The Education Subcommittee strives to raise awareness amongst the judiciary, its justice partners, and the community on issues concerning the Court’s efforts toward elimination of bias, ensuring equal and equitable justice, fair access to the courts and inclusion. The subcommittee will implement educational workshops, forums, and promotional means to accomplish this goal as well as provide an understanding of individual experiences.
The Constitutional Rights Foundation (CRF) introduced the Mock Trial Program to California counties in 1980. Students participate in a simulated trial that is set up and structured just like a real court and learn about the roles that judges, lawyers, witnesses, and others play in our judicial system. Each year, CRF produces a new set of Mock Trial materials based on an important issue facing America's youth. The materials include a hypothetical criminal case, lesson plans, and competition rules and guidelines.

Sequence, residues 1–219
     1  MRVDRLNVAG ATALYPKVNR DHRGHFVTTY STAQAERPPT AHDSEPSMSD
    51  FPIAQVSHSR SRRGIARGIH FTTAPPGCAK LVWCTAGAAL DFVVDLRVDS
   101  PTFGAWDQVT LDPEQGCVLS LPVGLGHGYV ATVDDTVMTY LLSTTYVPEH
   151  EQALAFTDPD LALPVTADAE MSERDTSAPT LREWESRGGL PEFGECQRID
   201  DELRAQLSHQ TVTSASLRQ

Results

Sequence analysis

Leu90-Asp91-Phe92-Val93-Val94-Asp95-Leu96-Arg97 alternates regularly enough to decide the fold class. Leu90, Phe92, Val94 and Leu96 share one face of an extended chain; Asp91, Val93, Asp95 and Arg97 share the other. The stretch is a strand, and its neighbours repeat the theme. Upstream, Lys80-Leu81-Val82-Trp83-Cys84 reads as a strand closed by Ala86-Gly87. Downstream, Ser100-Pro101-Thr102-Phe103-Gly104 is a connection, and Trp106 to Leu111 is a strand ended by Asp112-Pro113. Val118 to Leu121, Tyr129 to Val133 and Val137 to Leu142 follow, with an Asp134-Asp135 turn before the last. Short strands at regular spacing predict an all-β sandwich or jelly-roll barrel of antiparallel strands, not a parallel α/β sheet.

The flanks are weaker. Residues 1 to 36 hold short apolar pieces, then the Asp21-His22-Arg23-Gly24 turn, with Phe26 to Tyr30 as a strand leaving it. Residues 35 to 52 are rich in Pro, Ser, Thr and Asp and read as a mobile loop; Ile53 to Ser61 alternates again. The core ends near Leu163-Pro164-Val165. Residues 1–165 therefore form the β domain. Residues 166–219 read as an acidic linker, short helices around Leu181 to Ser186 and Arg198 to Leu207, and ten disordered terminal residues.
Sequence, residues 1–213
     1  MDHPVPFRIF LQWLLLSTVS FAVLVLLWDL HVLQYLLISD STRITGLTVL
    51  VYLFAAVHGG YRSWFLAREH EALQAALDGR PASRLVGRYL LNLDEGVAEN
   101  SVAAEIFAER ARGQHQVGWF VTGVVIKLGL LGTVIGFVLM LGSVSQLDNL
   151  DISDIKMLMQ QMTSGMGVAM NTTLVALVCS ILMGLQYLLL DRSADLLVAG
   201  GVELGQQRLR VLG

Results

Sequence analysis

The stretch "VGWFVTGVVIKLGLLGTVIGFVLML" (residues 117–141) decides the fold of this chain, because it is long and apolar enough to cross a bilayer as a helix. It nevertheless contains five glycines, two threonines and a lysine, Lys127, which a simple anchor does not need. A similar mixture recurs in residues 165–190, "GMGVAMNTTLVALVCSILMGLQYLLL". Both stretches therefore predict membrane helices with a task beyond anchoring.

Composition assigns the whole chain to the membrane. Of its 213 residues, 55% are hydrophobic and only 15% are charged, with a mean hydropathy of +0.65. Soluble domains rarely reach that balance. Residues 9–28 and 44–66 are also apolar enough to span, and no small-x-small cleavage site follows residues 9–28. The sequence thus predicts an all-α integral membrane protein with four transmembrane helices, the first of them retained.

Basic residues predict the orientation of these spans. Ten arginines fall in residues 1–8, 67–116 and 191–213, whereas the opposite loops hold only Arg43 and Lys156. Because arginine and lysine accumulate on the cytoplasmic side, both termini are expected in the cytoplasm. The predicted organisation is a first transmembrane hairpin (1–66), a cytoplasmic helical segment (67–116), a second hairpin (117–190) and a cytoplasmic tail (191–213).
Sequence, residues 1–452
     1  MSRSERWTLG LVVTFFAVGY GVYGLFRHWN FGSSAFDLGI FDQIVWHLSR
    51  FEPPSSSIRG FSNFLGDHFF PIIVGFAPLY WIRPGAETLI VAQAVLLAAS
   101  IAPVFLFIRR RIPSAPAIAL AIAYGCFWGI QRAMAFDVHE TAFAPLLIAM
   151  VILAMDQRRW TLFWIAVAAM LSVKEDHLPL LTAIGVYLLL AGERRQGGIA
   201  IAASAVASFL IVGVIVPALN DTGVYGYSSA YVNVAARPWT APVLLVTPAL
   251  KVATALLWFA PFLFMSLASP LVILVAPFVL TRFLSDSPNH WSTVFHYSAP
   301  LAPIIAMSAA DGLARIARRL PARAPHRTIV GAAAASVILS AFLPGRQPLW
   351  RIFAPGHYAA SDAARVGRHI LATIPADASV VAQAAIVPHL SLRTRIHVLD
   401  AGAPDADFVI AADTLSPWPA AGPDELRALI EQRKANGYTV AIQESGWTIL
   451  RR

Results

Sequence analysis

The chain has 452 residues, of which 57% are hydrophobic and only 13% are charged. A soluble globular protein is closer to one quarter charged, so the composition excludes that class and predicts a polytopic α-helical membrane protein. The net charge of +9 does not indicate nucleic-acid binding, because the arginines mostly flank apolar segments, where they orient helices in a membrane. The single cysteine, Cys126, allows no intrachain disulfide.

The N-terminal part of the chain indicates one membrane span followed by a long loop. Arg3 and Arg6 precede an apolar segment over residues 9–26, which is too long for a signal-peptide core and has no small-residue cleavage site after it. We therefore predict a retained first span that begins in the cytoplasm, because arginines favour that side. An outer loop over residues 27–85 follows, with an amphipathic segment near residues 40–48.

In California, the program engages over 8,000 students and participants each year with the help of teacher-sponsors and attorney-coaches, and thousands of members from the state’s bar and bench who volunteer their time to make Mock Trial an exciting educational experience for the students.
The Riverside County competition typically involves six to seven rounds of trials in which an estimated 1,000 students, parents, teachers, coaches, attorneys, and judges participate. Winners of the county competitions go on to the state finals in March, with the winner of the state competition representing California at the annual National High School Mock Trial Competition in May. The national competition involves teams from 54 states and territories.